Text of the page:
Alan Kay' answer on What 's the best book for self-studying computer architecture and programming from the bottom up

By | 2019-09-19 | including 1 item |
I’m in London for a few months more and away from my main library, so I can’t list the books I’ve found in the past. I can say that none of them lived up to the corresponding book in molecular biology: “The Molecular Biology of the Cell” by Bruce Alberts, et al.
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#1  Molecular Biology of the Cell
Book / 9780815341055 / Bruce Alberts, et al.  / November 16, 2007 / 1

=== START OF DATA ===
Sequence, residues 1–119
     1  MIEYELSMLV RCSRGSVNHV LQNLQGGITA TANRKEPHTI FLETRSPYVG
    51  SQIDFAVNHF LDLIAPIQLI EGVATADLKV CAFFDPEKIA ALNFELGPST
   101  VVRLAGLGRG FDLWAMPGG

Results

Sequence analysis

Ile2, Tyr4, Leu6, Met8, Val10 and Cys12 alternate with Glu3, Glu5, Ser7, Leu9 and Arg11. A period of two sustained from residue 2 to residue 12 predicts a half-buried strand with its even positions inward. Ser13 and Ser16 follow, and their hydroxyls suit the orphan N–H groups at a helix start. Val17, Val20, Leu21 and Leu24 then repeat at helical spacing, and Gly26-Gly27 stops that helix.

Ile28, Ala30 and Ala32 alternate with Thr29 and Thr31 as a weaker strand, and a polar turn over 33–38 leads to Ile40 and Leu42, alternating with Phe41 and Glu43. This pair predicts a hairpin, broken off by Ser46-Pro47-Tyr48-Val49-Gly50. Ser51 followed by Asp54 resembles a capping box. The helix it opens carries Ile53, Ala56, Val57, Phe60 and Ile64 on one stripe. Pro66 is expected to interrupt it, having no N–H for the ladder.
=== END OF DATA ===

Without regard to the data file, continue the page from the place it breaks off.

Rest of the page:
Over a 1000+ pages, this takes the reader from elementary chemistry all the way through how life works, in enough well written detail to be understandable. There are still a few supplementary books that help a lot (for example: “Cell Biology By The Numbers” by Philips and Milo). I think this would be OK for the current question. Since I haven’t looked for a few years, my plan here is to buy and read all the suggestions made by the other answerers, and hope that a few good answers turn up. I will then report on them. What I’d like to see is a book that starts with the many ways to make logic gates — as Danny Hillis’ “The Pattern in the Stone” does — and then moves to abstractions — such as the “stick diagrams” in Mead and Conway’s “Introduction to VLSI Systems” to sketch out simple memories, addressing schemes, data paths, etc. for something like a simple RISC architecture. The control for this could be a simple microcode (and later more microcode could be added in a separate memory). We want to get to software as quickly as possible so the hardware design here can be a lot of fun to choose just what will help SW without itself getting too tricky. Then we could “bootstrap a bootstrapping system” — could be a simple virtual machine in which symbolic processing to make a language could be done. And this could be used to write an operating system kernel that is expressed as the basic level objects in a protected object-based system. From here it would be easy to show how a modern UI and end-user tools could be made in a few thousand lines of code. This gets at the essence of the “chain of being” without having to delve into the needless and enormous complications of modern hardware and software, most of which is quite superfluous to both understanding and even most practical usage.